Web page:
• Reduced tear exchange under the lens
  • Environmental factors
  • Poor hygiene

The single best way to avoid eye infections is to follow proper lens care guidelines as prescribed by your eye care professional. In particular, including a “rub and rinse” step in the lens cleaning process, minimizing contact with water while wearing contact lenses and replacing the lens case frequently can help reduce the risk of infection.

Taking Care of Your Lenses

  • Before handling contact lenses, wash your hands with soap and water, then rinse and dry them with a lint-free towel.
  • Minimize contact with water, including removing lenses before going swimming or in a hot tub.
  • Contact lenses should not be rinsed with or stored in water (tap or sterile water).
  • Do not put your lenses in your mouth to wet them. Saliva is not a sterile solution.
  • Do not use saline solution and rewetting drops to disinfect lenses. Neither is an effective or approved disinfectant.
  • Wear and replace contact lenses according to the schedule prescribed by your eye care professional.
  • Follow the specific contact lens cleaning and storage guidelines from your eye care professional and the solution manufacturer.
  • During cleaning, rub your contact lenses with your fingers, then rinse the lenses with solution before soaking them. This “rub and rinse” method is considered by some experts to be a superior method of cleaning, even if the solution you are using is a “no-rub” variety.
  • Rinse the contact lens case with fresh solution — not water. Then leave the empty case open to air dry.
  • Keep the contact lens case clean and replace it regularly, at least every three months.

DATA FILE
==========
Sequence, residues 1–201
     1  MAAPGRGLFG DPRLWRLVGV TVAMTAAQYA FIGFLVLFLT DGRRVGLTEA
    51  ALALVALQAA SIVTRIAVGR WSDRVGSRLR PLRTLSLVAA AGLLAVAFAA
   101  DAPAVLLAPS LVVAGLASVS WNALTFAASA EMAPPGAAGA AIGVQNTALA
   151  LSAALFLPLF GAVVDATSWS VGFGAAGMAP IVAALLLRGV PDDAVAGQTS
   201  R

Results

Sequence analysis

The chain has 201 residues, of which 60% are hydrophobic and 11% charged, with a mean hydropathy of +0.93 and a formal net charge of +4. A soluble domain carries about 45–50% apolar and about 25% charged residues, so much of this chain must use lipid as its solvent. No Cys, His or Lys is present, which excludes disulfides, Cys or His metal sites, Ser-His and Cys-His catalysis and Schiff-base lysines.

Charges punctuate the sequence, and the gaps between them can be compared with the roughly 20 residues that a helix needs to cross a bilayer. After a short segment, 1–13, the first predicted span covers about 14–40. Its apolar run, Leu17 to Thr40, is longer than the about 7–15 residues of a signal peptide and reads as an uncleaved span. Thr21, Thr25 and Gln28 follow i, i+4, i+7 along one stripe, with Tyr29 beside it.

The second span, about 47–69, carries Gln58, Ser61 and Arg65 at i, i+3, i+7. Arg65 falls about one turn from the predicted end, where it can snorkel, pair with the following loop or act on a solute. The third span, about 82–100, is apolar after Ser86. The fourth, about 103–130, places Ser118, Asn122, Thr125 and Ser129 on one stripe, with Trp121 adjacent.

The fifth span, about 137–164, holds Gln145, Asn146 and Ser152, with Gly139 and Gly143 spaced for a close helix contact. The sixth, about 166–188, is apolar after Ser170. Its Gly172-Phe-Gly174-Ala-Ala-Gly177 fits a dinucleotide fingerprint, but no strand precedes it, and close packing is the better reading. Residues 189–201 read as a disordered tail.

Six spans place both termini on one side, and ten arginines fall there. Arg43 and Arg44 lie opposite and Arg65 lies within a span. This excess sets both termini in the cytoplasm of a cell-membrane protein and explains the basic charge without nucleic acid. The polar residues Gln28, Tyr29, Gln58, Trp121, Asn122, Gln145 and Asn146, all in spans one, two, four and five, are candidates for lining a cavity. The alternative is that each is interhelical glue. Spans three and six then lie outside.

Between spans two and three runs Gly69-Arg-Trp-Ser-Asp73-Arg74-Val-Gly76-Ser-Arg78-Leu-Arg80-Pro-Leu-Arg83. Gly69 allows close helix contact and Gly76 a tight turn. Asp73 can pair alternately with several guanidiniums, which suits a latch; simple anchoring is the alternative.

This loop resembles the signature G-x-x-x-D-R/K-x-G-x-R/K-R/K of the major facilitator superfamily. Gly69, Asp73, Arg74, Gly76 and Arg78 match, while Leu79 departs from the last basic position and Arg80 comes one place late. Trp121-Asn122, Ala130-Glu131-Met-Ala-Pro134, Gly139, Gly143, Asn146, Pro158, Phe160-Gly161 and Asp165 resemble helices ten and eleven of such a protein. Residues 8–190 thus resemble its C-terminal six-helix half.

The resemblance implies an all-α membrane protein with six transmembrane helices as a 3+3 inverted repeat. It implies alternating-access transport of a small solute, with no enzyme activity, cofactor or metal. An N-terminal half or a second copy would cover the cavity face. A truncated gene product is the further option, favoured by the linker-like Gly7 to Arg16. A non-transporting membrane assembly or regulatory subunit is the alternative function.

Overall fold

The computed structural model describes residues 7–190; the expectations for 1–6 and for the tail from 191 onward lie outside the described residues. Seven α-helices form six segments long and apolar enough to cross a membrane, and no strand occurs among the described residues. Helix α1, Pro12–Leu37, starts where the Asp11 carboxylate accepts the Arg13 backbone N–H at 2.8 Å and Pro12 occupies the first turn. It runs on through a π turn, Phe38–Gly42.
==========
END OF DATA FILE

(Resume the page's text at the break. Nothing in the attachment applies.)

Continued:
• Lens cases can be a source of contamination and infection. Do not use cracked or damaged lens cases.

Some experts recommend that if you use contact lenses sporadically you consider using single-use daily disposable lenses

Taking Care of Your Eyes

Eye infections can lead to serious vision loss in some cases. Proper care of your eyes is just as important as proper lens care.

  • Remove the contact lenses and consult an ophthalmologist immediately if you experience symptoms such as redness, pain, tearing, increased light sensitivity, blurry vision, discharge or swelling.
  • If you smoke, stop. Studies show that contact lens wearers who smoke have a higher rate of problems than nonsmokers.
  • Beware of using decorative lenses, such as those often sold at costume shops. These lenses have the potential to damage eyes permanently.
  • Get regular eye exams. If you wear contact lenses, you should be examined by an eye care provider annually, and more often as needed.

As with any prescription, contact lens prescriptions do expire — typically within one year.

You should see your eye care professional yearly to ensure they continue to have an accurate and appropriate prescription. These regular exams are also important opportunities for reinforcing proper lens care.

Written by: Kierstan Boyd
American Academy of Ophthalmology